Contrary to popular belief, working in theatre isn’t particularly glamorous! There are a lot of people working in a relatively small space backstage and with all the stage lights on it can get quite hot! However, I’ve been amazingly lucky during my time at Mamma Mia! and have gotten to do some amazing things. I looked after Benny Andersson and his accordion when Mamma Mia! performed at the Olivier Awards in 2014! I got to hang out backstage with a whole host of stars at BBC Radio 2’s Thank You For The Music concert in Hyde Park. I’ve been to the This Morning studio a few times (it’s one of my favourite TV shows, so it’s quite a big deal for me). Top of my list though was probably the day I met Kylie! She came to see the show a few years ago and came backstage at the interval to say hi! She was so lovely and we could see all five feet of her dancing like mad during the finale!
The least showbiz part of my job is:
Most of it, to be honest! It can sometimes be very long hours and we work six days a week. It’s not glamorous in the slightest. But I wouldn’t change it for the world!
My work mantra is:
‘Living the dream’. Ask anyone in the theatre what phrase I say the most and it’ll be their immediate response. When someone asks you how you are when you get to work, ‘Fine thanks’ is such a boring response. ‘Living the dream’ is much more theatrical!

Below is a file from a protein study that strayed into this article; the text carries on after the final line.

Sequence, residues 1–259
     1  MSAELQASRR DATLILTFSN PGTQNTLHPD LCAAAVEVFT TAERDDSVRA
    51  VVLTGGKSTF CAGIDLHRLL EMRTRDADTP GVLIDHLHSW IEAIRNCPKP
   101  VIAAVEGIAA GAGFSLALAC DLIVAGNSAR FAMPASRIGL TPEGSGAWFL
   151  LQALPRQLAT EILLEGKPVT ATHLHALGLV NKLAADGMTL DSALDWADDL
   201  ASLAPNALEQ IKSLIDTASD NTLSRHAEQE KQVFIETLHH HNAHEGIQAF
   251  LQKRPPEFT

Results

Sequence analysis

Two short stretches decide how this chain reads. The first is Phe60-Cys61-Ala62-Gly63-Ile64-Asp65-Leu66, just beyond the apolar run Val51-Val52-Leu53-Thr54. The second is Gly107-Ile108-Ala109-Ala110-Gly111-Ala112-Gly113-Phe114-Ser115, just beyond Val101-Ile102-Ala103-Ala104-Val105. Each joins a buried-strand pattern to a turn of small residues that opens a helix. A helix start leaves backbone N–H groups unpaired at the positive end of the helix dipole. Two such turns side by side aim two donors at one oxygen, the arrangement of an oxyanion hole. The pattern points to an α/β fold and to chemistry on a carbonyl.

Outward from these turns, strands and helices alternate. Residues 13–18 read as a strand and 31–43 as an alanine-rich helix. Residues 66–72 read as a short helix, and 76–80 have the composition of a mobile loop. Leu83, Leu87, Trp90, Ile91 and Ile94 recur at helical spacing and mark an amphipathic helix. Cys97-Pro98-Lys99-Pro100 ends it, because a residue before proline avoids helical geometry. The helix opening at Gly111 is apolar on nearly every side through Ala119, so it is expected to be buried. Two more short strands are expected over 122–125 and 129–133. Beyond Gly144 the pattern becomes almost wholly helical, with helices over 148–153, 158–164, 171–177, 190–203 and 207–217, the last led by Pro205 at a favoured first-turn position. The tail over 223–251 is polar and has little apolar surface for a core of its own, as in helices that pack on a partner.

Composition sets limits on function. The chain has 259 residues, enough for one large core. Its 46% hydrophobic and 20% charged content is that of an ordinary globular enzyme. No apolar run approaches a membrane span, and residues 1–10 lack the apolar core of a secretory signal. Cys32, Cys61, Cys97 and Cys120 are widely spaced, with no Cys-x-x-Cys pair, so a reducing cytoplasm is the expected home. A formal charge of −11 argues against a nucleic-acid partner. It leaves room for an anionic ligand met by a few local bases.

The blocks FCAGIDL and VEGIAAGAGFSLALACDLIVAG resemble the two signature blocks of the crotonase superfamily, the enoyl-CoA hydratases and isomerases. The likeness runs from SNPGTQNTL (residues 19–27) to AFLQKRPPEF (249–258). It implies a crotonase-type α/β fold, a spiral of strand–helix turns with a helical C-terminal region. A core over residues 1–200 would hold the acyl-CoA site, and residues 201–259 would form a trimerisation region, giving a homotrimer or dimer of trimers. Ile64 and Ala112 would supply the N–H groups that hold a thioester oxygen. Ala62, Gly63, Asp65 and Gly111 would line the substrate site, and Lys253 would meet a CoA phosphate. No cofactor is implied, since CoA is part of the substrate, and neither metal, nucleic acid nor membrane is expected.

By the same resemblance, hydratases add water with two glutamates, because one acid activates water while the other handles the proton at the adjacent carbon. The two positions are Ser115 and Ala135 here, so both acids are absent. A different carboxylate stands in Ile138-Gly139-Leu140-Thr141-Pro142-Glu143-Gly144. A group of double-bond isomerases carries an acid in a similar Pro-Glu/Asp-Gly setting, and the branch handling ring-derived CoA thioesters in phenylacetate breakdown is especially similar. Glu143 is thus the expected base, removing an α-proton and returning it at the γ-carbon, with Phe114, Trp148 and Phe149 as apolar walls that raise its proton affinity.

The advice I’d give to anyone wanting to do my job would be to:
Don’t! Then when you realise that you want to anyway despite everyone telling you not to, go and get as much experience as you possibly can. Go and see shows at your local theatre, and if you’re old enough, write to the Stage Manager there to ask for work experience. There are lots of drama schools now offering formal training, so if you’re serious about getting into the industry, it’s a great way to learn in a supportive environment. I did a degree in Stage Management & Technical Theatre at the Guildhall School of Music and Drama, and I always recommend it to anyone that does work experience with us. Lots of people get into the industry without any formal training, which is absolutely fine too. As long as you have the required qualities, a decent amount of knowledge and a lot of patience, you can succeed without the formal qualifications. Lastly, I recommend that people go and see as much theatre as they can. Once you’re working, it can sometimes feel like a busman’s holiday, but I think it’s really important to know what’s happening in the industry around you, especially if you’re working on a long-running show.
Want to know more? Watch Mamma Mia!’s Stage Management video above.